Saturday, 14 May 2011


Delirium is set in a dystopian world where love has been cured in everyone over the age of eighteen. In essence, it's a story about first love and love that endures against all odds.

Whilst I enjoyed Lauren Oliver's writing style, I felt the book lacking somewhat in my expectations. It focusses a lot on the central love story rather than the world in which love has been declared a dangerous disease. I would have preferred more back-story, learning how scientists came to that conclusion, about the development of the cure and the “cleansing” of the invalids. These areas are all mentioned but skimmed over.

I mean what would drive the creation of a nation of sociopaths? Because the cure doesn't just remove romantic love, it removes the ability to love a child, to be compassionate and feel empathy towards others. The cured will stand by whilst a family pet gets beaten and left to die without showing a single emotion.

The whole arranged marriage thing disturbed me a bit and for the sole reason that they were expected to have sex even though their ability to feel desire, as well as love, had been taken from them. That just seems so wrong to me. If parents are unable to love their children, what is the point of them being raised in a traditional family? IVF treatment would make much more sense to me in order to keep the human race going.

This story is set firmly in America with no mention of the outside world. I like to think that it's a crazy American idea and the rest of the world is happily going about their lives, falling in and out of love. I can just imagine when the procedure first came about, the UN meeting up to say, let them get on with it, no point starting a war. This isn't being anti-America, it's just that the procedure sounds like it requires expensive medical supervision; something that is not possible in a large proportion of the world. Developing countries can barely afford to vaccinate against malaria and tuberculosis after all. The US already have strict border controls, but elsewhere it is much easier to move around and spread the love.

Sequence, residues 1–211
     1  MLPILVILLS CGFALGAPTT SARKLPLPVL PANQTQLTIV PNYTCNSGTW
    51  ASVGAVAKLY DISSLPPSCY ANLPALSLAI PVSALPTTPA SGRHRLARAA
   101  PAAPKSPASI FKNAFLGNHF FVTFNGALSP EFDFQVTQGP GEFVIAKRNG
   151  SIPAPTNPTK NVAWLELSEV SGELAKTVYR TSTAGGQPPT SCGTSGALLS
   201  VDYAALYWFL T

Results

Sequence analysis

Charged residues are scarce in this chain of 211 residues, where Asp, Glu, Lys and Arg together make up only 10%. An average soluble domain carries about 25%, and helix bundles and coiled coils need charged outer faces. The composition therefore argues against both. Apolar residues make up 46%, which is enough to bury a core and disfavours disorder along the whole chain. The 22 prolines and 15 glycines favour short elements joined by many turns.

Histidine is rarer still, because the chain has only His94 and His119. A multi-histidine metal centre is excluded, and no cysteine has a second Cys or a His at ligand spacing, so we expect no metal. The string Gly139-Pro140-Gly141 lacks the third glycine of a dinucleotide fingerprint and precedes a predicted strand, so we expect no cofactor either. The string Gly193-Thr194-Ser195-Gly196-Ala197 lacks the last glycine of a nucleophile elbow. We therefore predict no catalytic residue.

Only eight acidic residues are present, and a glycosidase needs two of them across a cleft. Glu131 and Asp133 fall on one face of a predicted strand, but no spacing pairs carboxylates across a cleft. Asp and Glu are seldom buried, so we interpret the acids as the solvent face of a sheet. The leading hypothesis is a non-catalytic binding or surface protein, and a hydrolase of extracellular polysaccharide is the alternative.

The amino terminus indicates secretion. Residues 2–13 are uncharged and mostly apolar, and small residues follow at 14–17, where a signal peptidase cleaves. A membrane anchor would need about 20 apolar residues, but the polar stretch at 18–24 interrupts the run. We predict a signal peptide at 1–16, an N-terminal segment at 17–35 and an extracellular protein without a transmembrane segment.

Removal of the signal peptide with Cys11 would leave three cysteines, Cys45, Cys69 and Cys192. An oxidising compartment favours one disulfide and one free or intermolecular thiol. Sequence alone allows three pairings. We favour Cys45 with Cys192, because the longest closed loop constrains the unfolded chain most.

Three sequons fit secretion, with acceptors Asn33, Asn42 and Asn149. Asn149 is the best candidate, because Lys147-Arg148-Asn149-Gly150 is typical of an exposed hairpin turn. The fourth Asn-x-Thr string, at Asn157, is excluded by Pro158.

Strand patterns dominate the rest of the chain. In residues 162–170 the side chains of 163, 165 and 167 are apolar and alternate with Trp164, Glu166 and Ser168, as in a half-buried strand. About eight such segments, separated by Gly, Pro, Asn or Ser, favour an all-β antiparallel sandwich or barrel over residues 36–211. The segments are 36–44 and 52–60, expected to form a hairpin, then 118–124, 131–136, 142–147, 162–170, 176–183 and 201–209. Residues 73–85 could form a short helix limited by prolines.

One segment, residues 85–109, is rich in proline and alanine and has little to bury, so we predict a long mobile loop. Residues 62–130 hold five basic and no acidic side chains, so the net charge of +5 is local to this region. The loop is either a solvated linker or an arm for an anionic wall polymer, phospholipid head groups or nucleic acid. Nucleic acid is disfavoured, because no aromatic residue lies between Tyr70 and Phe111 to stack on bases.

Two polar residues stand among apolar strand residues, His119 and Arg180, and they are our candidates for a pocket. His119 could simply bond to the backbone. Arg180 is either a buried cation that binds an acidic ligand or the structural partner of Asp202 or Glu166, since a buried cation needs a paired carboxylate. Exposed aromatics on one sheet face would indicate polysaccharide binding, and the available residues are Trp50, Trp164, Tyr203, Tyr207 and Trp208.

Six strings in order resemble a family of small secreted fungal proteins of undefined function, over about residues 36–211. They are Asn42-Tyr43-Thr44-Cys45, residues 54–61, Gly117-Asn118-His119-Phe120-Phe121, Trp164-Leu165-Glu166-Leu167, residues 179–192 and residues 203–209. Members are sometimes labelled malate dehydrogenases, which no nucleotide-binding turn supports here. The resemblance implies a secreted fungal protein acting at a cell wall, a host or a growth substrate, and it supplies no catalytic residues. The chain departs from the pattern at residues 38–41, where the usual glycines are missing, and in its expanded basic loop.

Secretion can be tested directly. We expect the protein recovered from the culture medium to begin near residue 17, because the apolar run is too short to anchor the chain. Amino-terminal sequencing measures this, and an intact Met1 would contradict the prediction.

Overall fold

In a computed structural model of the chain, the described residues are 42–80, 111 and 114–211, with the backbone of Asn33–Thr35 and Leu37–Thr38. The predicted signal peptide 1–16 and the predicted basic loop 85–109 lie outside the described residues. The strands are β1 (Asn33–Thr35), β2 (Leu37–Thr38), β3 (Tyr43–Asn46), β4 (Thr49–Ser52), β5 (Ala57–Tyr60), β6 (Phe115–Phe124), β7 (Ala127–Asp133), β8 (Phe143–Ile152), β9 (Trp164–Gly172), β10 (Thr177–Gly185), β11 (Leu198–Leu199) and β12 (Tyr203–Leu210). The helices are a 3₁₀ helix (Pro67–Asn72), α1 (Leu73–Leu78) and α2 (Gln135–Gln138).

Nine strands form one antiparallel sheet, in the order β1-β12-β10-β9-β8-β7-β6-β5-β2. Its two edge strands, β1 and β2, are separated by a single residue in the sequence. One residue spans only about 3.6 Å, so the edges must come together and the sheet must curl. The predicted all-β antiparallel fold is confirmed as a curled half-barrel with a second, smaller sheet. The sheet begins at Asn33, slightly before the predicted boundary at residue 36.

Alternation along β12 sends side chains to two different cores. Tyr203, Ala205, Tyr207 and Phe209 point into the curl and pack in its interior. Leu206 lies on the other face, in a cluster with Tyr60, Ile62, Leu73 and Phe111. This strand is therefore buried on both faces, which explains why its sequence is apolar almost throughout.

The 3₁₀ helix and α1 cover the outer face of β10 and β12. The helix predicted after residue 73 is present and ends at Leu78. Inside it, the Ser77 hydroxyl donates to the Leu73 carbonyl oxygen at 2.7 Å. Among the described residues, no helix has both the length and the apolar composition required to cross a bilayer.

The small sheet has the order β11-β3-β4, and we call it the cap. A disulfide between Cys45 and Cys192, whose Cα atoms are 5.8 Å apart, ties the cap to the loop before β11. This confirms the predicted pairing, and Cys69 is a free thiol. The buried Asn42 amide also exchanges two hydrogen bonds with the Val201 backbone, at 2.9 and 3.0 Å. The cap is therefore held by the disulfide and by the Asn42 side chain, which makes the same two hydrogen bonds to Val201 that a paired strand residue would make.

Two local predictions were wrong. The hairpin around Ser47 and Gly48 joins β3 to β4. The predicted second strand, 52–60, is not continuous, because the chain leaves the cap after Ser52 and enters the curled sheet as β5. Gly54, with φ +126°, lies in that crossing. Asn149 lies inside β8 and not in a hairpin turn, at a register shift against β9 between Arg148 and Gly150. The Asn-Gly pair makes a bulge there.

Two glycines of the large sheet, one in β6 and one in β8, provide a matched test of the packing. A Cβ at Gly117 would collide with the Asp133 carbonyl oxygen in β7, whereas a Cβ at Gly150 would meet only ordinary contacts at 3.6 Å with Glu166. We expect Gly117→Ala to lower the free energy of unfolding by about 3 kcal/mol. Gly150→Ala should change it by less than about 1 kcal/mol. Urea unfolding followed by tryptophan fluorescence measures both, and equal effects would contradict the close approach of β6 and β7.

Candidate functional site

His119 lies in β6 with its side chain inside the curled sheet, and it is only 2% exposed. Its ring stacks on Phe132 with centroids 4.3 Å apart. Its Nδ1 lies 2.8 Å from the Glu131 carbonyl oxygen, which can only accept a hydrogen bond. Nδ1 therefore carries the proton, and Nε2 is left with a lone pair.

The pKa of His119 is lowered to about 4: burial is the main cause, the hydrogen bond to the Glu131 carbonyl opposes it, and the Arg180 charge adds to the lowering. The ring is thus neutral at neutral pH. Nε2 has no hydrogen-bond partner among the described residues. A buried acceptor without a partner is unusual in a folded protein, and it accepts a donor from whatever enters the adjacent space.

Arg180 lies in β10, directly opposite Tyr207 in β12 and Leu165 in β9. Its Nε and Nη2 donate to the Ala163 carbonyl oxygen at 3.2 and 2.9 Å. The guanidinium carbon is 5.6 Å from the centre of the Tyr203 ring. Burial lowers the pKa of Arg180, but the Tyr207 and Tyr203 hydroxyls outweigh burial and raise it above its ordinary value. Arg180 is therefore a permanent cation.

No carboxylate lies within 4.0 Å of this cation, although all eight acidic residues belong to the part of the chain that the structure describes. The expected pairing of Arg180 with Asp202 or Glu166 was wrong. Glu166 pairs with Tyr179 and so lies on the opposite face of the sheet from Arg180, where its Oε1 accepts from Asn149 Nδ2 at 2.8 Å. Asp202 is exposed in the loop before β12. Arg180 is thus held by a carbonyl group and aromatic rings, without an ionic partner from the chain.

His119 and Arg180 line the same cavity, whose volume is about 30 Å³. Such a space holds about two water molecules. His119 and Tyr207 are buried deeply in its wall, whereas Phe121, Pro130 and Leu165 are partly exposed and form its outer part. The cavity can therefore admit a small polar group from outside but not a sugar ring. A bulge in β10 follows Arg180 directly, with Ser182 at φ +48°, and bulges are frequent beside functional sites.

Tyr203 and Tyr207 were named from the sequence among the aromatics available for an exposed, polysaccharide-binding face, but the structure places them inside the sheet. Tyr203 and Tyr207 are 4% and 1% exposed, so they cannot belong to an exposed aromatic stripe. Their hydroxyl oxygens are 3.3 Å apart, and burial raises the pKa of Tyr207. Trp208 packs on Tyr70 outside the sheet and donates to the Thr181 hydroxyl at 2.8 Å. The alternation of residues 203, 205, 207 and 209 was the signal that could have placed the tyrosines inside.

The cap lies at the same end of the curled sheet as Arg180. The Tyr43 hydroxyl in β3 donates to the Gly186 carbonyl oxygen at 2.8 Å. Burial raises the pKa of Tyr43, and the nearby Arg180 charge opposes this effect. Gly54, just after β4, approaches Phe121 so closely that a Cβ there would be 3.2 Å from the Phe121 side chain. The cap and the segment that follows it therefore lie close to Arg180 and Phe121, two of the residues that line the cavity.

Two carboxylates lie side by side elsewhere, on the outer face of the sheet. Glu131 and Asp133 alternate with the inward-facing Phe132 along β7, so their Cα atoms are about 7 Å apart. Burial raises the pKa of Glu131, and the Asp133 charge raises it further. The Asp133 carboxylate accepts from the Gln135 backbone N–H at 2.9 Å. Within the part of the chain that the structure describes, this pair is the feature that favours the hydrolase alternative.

There is so much mileage in the concept behind Delirium that it really feels wasted on a simple girl meets boy story.

The cover blurb seems like a spoiler to me and it is in an unmissable font size (on the UK hardback at least). Lena comes to that conclusion about 200 pages in. In my personal opinion, if it doesn't happen within the first 100 pages, it has no right being on the cover (exceptions for real-life events of course).


  1. That's the problem I had with it too. It was too focused on the actual story between boy and girl. I wanted to know more about the underground movement. I also didn't really believe the love story between the two of them. It happened a little too fast for me. I read it too soon after reading Uglies by Scott Westerfeld. It's not about removing love but it's similar in dystopian style. It gets it right in all the places Delerium got it wrong (for me anyway).

    I never thought of the outside angle mind you. I imagine the rest of the world would leave them to it.

  2. I totally agree with your review. I wanted to know more about the background, about how it came about, etc. I love dystopian fiction but this one kind of fell flat for me.

  3. Great review. I am reading Delirium right now and I am about 75% through. I do enjoy it but I am having a hard time taking the whole concept of love as a disease very serious. I agree that more back story would have made this so much better.


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